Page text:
spk08: But you did, I think you mentioned other places, you have brought in accounting consultants to, is that partially to address, at least partially to address these issues?
spk04: Yeah, to help us, well, the issues were addressed by our auditors and, you know, and our own personnel. We did employ an accounting consultant to help us, you know, you know, write up some, you know, clearly write up some findings. We thought it was better for a third party to write the findings for the SEC and the K to, you know, put them, you know, a little more detailed and succinctly in there. So that was the extent of the accounting consulting we used on that primarily to help us clearly define exactly what it was. But we, along with our auditors, had found it.
spk08: I note also your earnings were delayed. Your call was rescheduled to this morning. This is the second time this has happened in the last year. Can you talk to me about why the earnings were delayed?
spk04: It's primarily just the transitions going on. We've got an interim CFO in, and then with the – With the earnings and everything, you know, we had to essentially have Moss Adams come back in and attest to the findings. Also, you know, any time you switch auditors, which we did last year, you know, the prior auditors have some review responsibility on that. So that took a lot. You know, the whole process took a little longer than we had anticipated. And so we held off the call. We announced 10 days ago or so we held off to make sure everything was done. Obviously, you know, the Friday was the deadline for the case. We went ahead and put that out in the earnings and then, you know, had the call of day. So it was a lot of transition and then just working through, you know, some of the issues that showed up in the material weakness. And plus, you know, two sets of auditors helping us.
spk08: Yeah. Okay. So basically the resignation of Moss Adams was a factor in this delay. Okay.
spk04: Well, only from the point that they had to come back in and review and attest to what they had done because they were part of last year.
spk08: Yeah. I'm saying the fact that they weren't the auditor. You got a transition here. They were resigned. So going through all that transition plus not having a full-time CFO, that's an impact.
spk02: Yes, sir. Definitely. Okay. All right, Steve. Thanks for taking all my questions. I appreciate it. Okay. Thanks, Josh.
spk01: Our next question comes from Hale Hoke from Hoke & Company. Please go ahead. Your line is open.
spk02: Hey, Steve.
spk06: How are you?
spk02: Hey, Hale. Good. You?
spk06: Doing well. Thanks. I know this whole transition of your retirement has kind of dragged on longer than you wanted and been a little messier than you wanted, but I appreciate you stepping back in and seeing it through. I'm curious, it seems like there's so much going on at the company. As the prior caller mentioned, you've spent almost your entire market capping CapEx. As it relates to that, if you're spending $150 of CapEx between 2022 and 2023, and I'm using round numbers, and I know you're hesitant to give guidance, which I totally appreciate, but is there any kind of directional... numbers that you want us to think about on paybacks? I know when John Chisholm was involved, I think he was talking about kind of five-year paybacks or 20% returns. I mean, can we think of this $150 million of CapEx over two years, adding $30 million of incremental EBITDA once it's all up and running? Or is there any range you're willing to give us?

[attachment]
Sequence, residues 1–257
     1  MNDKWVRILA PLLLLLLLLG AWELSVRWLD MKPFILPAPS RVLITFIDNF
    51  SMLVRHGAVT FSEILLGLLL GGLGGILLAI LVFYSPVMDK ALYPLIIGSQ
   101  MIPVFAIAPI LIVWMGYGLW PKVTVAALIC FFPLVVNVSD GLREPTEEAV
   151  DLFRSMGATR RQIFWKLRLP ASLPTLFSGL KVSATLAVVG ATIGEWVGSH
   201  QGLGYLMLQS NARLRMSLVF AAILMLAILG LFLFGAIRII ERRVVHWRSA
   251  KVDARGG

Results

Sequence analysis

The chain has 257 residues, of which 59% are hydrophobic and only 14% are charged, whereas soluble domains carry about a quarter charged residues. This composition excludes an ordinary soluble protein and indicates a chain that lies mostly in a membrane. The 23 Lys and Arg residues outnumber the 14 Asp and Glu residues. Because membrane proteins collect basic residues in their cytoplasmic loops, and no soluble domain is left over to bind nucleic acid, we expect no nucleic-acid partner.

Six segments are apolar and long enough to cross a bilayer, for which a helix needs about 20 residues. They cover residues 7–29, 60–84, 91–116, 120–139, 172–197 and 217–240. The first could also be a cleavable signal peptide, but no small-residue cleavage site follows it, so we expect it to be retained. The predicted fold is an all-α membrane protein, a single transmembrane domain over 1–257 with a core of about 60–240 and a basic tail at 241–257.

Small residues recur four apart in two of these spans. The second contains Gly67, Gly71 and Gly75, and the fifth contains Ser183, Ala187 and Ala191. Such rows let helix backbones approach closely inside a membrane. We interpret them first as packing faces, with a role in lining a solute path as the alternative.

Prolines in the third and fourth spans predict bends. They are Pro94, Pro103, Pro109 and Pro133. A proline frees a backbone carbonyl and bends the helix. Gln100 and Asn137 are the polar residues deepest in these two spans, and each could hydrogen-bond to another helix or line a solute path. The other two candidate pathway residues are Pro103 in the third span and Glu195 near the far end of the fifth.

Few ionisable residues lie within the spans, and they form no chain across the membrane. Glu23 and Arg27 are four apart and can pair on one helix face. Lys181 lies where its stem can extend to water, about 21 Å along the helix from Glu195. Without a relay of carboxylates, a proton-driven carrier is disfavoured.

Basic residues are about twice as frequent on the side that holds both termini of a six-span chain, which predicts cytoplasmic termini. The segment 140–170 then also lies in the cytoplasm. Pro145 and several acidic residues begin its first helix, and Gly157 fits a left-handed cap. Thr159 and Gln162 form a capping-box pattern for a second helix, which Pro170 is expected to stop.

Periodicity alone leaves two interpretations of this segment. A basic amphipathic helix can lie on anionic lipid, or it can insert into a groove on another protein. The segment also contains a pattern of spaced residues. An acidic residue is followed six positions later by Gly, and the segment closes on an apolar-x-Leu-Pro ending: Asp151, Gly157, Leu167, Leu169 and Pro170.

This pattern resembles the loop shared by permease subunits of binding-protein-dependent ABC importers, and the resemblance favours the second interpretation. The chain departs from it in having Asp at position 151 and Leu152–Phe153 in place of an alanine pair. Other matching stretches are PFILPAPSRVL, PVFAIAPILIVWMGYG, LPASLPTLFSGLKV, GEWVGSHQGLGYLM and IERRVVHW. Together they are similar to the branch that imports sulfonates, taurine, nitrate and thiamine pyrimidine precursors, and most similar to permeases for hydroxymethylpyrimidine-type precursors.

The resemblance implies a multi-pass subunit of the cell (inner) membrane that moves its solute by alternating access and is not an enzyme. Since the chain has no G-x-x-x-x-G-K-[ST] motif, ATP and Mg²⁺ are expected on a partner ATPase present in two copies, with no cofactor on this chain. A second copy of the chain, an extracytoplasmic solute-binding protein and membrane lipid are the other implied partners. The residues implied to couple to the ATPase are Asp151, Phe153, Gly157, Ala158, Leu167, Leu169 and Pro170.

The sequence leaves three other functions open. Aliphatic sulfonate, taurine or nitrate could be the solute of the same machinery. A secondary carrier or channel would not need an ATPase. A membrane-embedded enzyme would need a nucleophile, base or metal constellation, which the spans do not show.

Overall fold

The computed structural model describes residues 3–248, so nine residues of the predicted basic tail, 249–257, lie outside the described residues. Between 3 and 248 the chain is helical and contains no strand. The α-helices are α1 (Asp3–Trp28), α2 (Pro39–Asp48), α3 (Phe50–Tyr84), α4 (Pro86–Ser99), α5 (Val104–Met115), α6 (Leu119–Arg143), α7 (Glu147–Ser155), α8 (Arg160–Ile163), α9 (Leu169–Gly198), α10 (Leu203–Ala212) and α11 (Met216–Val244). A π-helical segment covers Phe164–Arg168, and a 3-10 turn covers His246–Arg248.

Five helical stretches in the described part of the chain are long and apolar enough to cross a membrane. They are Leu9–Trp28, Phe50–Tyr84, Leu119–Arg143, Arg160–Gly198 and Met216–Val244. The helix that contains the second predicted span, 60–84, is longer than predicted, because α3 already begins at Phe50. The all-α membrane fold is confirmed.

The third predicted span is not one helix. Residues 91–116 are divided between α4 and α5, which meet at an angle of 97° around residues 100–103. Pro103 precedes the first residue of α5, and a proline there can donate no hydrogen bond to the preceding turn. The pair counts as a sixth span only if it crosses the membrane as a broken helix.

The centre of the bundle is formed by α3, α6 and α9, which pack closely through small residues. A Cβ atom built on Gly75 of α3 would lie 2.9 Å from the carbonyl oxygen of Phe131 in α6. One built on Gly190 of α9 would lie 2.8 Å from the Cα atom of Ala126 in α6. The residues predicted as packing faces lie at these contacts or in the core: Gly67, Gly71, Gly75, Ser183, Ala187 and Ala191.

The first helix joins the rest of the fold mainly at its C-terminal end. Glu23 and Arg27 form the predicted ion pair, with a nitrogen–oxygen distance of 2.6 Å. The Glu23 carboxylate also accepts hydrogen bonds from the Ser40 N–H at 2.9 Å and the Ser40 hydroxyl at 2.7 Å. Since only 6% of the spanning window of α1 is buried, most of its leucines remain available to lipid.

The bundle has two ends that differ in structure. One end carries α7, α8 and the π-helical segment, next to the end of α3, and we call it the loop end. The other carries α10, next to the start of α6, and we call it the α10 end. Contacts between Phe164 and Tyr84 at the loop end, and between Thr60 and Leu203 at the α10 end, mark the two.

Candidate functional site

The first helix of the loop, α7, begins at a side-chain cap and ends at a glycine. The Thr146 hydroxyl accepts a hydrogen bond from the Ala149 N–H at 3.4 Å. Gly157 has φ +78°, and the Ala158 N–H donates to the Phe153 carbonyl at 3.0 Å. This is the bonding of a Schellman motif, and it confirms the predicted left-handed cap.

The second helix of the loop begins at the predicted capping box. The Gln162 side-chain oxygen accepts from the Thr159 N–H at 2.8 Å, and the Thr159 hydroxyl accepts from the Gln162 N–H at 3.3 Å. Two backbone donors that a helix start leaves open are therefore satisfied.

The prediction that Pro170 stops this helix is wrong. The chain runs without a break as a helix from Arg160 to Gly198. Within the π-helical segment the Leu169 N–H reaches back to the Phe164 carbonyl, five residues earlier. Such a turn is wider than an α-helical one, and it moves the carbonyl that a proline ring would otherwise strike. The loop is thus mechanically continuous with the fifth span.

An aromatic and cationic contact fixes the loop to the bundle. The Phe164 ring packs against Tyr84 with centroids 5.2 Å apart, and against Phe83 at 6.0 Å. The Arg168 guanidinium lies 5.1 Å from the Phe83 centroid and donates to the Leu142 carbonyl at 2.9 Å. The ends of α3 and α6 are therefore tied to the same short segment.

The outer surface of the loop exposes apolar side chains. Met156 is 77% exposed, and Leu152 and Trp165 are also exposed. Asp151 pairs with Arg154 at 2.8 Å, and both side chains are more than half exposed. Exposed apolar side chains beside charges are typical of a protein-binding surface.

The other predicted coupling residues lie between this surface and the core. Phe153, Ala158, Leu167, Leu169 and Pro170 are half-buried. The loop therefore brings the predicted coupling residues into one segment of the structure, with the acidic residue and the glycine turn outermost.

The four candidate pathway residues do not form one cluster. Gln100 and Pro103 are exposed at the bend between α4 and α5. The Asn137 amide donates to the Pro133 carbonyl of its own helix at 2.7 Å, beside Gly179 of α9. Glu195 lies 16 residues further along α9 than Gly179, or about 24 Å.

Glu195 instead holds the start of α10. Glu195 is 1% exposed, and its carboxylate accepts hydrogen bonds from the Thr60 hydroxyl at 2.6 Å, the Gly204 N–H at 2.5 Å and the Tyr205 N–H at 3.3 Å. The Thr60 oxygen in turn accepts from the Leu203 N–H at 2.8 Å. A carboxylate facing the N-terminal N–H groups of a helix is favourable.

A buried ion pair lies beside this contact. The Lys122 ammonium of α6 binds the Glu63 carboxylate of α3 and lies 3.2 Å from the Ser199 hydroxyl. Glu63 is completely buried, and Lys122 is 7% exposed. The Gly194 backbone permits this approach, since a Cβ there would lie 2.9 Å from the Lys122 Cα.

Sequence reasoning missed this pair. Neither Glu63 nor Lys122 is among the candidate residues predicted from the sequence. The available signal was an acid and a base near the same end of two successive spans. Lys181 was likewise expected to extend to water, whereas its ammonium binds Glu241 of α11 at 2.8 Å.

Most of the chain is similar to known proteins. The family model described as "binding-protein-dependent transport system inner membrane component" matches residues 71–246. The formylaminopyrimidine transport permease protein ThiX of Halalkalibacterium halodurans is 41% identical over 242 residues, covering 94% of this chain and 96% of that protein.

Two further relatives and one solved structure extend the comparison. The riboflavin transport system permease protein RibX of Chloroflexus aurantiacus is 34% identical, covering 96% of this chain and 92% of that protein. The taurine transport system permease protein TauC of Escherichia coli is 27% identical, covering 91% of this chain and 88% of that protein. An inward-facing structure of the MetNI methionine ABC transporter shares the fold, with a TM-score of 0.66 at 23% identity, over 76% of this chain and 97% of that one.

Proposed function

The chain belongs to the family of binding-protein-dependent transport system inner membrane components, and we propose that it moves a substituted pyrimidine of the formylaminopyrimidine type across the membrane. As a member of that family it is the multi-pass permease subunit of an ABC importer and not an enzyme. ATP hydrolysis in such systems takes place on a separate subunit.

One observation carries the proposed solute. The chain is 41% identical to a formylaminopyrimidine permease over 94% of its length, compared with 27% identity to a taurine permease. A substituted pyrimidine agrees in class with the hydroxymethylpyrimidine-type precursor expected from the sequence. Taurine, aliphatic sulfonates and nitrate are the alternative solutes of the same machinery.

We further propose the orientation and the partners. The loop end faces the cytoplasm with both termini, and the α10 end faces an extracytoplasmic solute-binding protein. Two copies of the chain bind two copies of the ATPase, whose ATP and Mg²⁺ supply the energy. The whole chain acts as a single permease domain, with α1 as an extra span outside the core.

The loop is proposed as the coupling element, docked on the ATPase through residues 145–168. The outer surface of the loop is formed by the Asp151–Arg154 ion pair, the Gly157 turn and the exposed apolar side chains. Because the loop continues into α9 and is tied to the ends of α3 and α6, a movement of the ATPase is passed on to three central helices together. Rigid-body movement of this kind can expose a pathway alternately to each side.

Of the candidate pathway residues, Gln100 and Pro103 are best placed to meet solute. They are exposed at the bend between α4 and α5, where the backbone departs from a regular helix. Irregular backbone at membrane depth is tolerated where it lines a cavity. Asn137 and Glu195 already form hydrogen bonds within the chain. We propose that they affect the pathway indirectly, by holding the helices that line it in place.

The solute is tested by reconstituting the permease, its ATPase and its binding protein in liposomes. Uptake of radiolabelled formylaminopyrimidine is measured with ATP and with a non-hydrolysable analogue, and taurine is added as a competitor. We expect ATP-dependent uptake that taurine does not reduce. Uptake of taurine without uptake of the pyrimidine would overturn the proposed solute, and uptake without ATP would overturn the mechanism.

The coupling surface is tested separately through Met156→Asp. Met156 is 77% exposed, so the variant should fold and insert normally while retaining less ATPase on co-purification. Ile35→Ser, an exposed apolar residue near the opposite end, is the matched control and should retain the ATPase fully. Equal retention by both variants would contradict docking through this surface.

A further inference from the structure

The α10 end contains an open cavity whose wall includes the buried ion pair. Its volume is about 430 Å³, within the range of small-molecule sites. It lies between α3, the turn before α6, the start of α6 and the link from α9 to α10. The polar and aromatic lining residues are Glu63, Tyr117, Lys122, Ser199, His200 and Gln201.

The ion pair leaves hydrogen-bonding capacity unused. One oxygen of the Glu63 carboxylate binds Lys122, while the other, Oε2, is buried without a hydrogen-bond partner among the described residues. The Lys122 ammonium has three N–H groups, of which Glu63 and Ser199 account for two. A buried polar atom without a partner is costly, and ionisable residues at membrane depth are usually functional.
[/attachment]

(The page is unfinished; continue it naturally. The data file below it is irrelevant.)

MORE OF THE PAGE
spk04: Yeah, and the returns we are looking at, you're in the right ballpark. We're looking at a five to six year, depending on the equipment, five to six year cash on cash paybacks. Some are a little higher, but none of them are below the 15% to 20% range, and some of them are up into the 20% to 25% range. So the returns look good. From an EBITDA standpoint, again, we're starting you know, toeing the line of giving guidance or projections. But, you know, I think the, you'll see EBITDA returns in line with what that, you know, the five to six year payout shows up to. So if you can look at that,
spk06: uh that capex i think you'll you'll be able to take that capex number and look at that five to six year payback and and be pretty close to what we think ebitda is going to be all right thanks um and i guess uh getting back to your transition you know there's obviously a ceo search going on but there's also um some new directors being proposed it seems possible to probable to me that you have a different looking board in the next three months. It seems fair and reasonable to me that those potential new directors should have some input on who your new CEO is. Are you willing to stick around for three to six more months and let the board vote occur before a new CEO is committed by potentially a smaller and older board or the existing board.